In the quantum mechanics or statistical mechanics sense a forbidden event is never completely impossible. Rather it is extremely improbable based upon some symmetry, entropy, or energy constraint. I propose that in most situations time travel into the past is extremely improbable. Theorem: Time travel into the past has an exponentially increasing improbability as changes to the timeline become observable.
Corollary 1: Time travel into the past is allowed if and only if it does not disrupt the timeline.
Corollary 2: The butterfly effect is included in timeline disruptions.
Corollary 3: The butterfly effect does not apply below the level of Heisenberg uncertainty.
Sending a human backwards in time to Earth would create a sudden pressure wave as the air (or water) at that location is displaced. The butterfly effect implies this will always be a forbidden transition.
But a human could be sent to a height where the air pressure is essentially zero then gradually move downward. However it is unlikely that a human could move around and do anything useful without causing sufficient changes to prevent the trip in the first place.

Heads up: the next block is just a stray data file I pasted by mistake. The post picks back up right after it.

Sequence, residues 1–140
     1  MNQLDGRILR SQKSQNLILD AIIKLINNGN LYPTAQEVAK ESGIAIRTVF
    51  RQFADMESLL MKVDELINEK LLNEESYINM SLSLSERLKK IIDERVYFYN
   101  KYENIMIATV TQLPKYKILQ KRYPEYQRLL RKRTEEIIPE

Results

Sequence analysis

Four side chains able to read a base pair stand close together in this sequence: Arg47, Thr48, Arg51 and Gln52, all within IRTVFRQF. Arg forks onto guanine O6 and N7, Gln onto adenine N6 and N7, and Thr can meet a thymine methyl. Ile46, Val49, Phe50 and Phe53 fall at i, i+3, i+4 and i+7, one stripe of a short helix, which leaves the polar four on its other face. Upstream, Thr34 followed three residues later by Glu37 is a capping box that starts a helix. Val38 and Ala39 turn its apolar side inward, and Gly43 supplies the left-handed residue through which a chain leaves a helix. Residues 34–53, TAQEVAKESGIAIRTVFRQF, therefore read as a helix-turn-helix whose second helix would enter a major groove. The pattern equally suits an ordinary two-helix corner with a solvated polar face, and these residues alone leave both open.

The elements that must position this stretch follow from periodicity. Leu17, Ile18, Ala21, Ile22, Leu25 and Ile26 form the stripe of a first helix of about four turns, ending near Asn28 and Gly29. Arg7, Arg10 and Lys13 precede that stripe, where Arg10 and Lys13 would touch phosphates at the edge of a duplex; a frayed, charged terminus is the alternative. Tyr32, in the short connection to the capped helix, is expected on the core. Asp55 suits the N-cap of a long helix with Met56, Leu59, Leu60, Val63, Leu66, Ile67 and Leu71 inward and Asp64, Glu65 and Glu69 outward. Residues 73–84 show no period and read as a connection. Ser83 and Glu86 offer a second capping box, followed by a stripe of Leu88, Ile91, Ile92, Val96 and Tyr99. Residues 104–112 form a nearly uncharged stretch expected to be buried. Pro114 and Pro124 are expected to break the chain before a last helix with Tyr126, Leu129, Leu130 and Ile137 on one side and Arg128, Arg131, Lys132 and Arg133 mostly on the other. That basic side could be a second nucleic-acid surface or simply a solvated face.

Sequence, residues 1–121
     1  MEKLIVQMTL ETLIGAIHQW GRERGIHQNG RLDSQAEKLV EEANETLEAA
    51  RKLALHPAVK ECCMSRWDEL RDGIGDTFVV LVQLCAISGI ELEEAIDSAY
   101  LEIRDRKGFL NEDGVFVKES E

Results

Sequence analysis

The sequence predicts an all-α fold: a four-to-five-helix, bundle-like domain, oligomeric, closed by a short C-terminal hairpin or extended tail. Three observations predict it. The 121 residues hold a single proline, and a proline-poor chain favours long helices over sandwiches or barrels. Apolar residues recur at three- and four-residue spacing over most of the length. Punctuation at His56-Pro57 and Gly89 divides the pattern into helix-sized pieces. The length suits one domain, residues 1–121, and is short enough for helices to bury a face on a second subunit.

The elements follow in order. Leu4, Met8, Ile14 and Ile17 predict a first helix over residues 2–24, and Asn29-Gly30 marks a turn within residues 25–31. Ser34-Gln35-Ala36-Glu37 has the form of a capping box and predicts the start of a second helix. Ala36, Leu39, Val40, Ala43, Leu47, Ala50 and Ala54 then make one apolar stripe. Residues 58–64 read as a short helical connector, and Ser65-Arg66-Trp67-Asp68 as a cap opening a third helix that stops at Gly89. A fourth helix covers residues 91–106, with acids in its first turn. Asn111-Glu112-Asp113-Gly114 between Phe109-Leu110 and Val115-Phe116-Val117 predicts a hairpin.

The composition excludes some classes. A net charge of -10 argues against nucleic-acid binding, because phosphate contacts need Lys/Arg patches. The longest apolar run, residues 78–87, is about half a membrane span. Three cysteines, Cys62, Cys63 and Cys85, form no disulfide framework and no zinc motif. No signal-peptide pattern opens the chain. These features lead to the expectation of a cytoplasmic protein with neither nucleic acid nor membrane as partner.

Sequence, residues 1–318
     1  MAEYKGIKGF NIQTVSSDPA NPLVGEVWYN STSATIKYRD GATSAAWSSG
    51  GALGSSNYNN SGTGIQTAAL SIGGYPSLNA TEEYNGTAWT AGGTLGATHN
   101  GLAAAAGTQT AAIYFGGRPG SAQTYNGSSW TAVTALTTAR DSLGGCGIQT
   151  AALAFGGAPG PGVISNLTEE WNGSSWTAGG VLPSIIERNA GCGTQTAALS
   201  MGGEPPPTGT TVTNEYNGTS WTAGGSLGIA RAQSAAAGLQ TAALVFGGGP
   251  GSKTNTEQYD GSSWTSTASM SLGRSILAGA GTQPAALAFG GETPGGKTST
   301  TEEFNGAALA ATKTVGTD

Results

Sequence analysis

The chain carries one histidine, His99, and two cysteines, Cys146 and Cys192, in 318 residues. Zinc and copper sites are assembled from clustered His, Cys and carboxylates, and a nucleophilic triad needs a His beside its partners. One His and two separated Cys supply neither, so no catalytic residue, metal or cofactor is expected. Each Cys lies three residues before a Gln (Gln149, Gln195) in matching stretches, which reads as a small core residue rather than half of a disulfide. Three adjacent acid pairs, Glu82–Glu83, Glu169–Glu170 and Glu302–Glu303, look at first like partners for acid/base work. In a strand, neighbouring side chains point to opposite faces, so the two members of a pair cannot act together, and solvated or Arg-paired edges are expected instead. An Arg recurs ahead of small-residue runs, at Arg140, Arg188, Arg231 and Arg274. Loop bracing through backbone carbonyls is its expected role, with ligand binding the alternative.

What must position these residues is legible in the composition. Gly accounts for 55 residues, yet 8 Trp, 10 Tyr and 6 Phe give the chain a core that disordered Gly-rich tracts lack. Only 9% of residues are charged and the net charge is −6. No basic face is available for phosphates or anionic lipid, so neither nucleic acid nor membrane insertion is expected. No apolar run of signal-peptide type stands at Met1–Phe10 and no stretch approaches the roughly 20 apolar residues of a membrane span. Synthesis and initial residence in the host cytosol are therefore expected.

Sending a tiny robot back in time is much more likely to result in no disruptions to the timeline, especially if that robot does little more than float around on air currents and observe.
A time machine will attempt to send a tiny robot back in time hundreds or millions of times per second. Attempt after attempt is rejected by the timeline, but there is a statistical chance of success. After millions or trillions of attempts a delivery vector is found resulting in an identical timeline and the robot is successfully transferred.
Would insertion of a tiny robot into a hurricane result in any changes to the timeline? The minute changes to the air currents at the arrival point could be quickly washed out by the extreme winds in a hurricane. Perhaps the target location with the highest chance of success is the Atlantic ocean during hurricane season.
And how would that robot return to our time? The same way rocks travel forward in time. The robot would find a quiet place and sit there until it is found. It doesn't even need power for that part of its mission. Success only requires non-volatile memory and perhaps a long lived radioisotope to make it easier to find under the detritus of the centuries.
This might mean that a careful search would reveal some of these robots sitting around important places like Jerusalem or Dealey Plaza. But if we found one and decoded the stored media that would change the timeline and wouldn't the trip have been forbidden in the first place?